WASHINGTON -- This is the paradox of the moment: President Barack Obama's speech on Afghanistan and his subsequent jobs summit underscored why it's essential to get a health care bill done quickly. The calendar of politics has an urgency that the dilatory pace of the U.S. Senate doesn't match.
Here's the deal. If Obama gets to sign a health care bill before he gives his State of the Union address, he starts 2010 with a historic victory to proclaim before the country, and then can pivot quickly to the issue likely to dominate the midterm elections: jobs and how to create them.
The Afghanistan speech showed that a president's power to control the agenda is limited. The last thing Obama wants is for the public discussion to focus on a war that is neither popular in his own party nor particularly loved by the middle of the electorate.
His speech on the troop buildup last week was thus from the head, not the heart. He was doing what he felt he had to do, not what he yearned to do. He wasn't elected to be a war president. But circumstances require him to be one anyway. Indeed, the line he recited with the most passion was: "The nation that I'm most interested in building is our own."
Getting a health care bill is important on its own, but it's central to establishing Obama's credentials as a domestic reformer and to proving that Democrats are capable of governing. This is why the president made an unusual visit to Capitol Hill on Sunday to push fractious negotiations forward. Senators need to get their version of a health care bill done before the end of this year so the House and Senate can come to a speedy agreement on a final bill in January.
This logic will create two dramas over the next two weeks.
Senate Democratic leader Harry Reid has been struggling to light a fire under members of his party. He needs moderates to understand they are part of a majority and progressives to figure out what they want in exchange for concessions to moderates who oppose a public option.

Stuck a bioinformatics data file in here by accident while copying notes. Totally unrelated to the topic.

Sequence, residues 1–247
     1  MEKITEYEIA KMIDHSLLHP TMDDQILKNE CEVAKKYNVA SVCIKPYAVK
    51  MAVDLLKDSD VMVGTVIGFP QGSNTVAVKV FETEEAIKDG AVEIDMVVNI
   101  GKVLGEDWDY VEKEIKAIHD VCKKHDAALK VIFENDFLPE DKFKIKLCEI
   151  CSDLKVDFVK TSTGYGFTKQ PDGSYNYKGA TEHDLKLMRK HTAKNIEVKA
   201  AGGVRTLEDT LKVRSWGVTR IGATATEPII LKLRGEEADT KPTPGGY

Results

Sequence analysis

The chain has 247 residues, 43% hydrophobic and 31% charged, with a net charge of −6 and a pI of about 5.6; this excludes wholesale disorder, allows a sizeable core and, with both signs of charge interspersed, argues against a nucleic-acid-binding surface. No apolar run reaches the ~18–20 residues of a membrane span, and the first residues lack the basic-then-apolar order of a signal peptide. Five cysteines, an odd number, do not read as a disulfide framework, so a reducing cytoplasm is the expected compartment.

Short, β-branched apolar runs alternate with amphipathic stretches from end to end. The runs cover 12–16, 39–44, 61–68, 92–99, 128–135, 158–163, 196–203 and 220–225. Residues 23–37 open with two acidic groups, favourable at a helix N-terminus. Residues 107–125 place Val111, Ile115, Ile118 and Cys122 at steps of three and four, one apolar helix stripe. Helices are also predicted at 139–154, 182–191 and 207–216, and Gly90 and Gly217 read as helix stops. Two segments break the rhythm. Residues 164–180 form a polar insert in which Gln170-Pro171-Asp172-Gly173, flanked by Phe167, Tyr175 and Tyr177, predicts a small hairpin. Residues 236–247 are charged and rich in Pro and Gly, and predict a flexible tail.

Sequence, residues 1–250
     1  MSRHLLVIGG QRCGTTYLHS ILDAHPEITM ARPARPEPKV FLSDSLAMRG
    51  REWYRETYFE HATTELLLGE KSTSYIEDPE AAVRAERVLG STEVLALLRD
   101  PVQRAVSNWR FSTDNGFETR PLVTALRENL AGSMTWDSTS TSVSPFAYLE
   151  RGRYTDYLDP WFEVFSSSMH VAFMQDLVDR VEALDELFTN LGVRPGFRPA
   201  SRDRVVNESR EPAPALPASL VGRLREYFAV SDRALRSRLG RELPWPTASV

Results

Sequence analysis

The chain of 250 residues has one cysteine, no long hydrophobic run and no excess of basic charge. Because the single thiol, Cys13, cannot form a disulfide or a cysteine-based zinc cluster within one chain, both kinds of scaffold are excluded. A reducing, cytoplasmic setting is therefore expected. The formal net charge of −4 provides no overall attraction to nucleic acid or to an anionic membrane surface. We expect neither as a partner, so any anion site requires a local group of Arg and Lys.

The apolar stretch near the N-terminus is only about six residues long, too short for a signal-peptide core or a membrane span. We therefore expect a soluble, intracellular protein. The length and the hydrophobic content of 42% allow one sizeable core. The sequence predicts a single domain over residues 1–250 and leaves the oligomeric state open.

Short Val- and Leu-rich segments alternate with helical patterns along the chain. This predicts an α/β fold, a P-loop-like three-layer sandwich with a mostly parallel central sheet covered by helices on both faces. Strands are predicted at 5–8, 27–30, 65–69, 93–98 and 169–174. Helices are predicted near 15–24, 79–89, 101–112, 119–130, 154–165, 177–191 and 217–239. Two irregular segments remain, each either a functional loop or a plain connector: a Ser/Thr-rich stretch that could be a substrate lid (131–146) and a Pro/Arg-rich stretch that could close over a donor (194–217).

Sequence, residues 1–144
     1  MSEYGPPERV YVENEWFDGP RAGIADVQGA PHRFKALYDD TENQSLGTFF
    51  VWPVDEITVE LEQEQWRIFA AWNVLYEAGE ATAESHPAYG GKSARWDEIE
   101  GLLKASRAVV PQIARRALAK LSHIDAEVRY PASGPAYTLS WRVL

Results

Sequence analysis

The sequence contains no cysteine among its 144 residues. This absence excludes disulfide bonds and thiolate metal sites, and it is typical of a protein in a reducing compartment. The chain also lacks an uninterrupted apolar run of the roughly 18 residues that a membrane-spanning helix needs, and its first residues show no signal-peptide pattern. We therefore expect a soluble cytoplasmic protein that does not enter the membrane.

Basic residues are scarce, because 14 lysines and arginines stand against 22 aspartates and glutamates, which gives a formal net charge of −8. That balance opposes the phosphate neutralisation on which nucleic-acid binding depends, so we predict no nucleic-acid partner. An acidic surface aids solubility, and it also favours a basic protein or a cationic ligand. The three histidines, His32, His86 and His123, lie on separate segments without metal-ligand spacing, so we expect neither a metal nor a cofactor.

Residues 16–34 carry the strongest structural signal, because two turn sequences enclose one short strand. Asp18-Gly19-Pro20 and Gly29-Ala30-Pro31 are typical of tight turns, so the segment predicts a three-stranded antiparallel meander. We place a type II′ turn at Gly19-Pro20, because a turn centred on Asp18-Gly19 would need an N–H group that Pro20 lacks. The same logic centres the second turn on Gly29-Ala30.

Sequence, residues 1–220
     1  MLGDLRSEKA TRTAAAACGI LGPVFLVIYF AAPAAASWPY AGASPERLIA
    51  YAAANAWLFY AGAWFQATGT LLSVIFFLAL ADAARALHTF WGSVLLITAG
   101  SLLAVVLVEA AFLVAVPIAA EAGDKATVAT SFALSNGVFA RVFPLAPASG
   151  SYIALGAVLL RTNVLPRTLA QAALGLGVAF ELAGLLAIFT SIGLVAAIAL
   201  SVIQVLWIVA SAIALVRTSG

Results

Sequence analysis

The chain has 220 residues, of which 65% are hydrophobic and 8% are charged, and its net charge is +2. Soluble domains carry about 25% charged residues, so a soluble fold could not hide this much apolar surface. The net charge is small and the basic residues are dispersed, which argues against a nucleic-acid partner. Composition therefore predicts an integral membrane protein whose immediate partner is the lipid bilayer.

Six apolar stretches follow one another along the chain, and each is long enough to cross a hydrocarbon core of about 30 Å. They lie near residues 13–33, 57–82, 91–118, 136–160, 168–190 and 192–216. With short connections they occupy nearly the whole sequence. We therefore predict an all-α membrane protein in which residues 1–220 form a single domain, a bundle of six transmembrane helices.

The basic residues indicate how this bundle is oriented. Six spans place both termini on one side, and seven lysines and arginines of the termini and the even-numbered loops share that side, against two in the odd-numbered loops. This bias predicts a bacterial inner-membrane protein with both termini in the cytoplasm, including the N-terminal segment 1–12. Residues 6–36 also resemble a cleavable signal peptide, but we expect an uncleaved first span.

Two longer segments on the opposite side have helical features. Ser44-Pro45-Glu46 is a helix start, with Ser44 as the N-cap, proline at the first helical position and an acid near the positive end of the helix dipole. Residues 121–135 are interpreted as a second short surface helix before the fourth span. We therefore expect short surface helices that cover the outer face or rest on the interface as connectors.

Liberals are absolutely right in their frustration with the Senate. It's become an absurd institution, perhaps the least democratic legislative body in any country calling itself a democracy. It makes no sense that four or five votes can trump 54 or 55 votes. But the Senate is what it is. For now, liberals have to live with this.
Republicans, in the meantime, know that delay is their friend, and they will delay and delay -- and delay some more. The emergence last week of a memo from Sen. Judd Gregg of New Hampshire to his GOP colleagues outlining all the ways they can slow action should put spine into Democrats.
In a nicely diplomatic cover letter, Gregg argued that Republicans "must use the tools we have under Senate rules to insist on a full, complete and fully informed debate on the health care legislation." Translation: Let's keep this turmoil going until the Fourth of July, or, heck, all the way to Labor Day.
The best news for advocates of health care reform is that Reid has sought to force action by convening a group of 10 Democrats, five moderates and five progressives, to work out a compromise. After several meetings over the weekend, they were focusing on an alternative to the public option modeled after the Federal Employees Health Benefits Plan, even as progressives sought further expansions in coverage.
It's a shame that a public option might be stopped by a small number of senators. But the compromise would still give government a role in promoting competition as the overseer of an alternative that would likely focus on not-for-profit insurance plans.
The core issues of this debate have been settled. The Congressional Budget Office has swept away the major arguments that opponents of reform have been trying to make. The bill before the Senate would cut the deficit, not increase it, and would stabilize or reduce health care premiums for most people, not raise them. The proposal contains serious cost-control measures that can be built on over time. Passing health care reform is thus not only morally necessary, but also fiscally responsible.
But getting there will be much harder if the Senate doesn't act this year. Obama is right that nation-building should begin at home. Health care reform will mark the beginning of domestic nation-building.
E. J. Dionne Jr. is a syndicated columnist, professor of government at Georgetown University, and a senior fellow at the Brookings Institution. His most recent book is Our Divided Political Heart: The Battle for the American Idea in an Age of Discontent (Bloomsbury Press).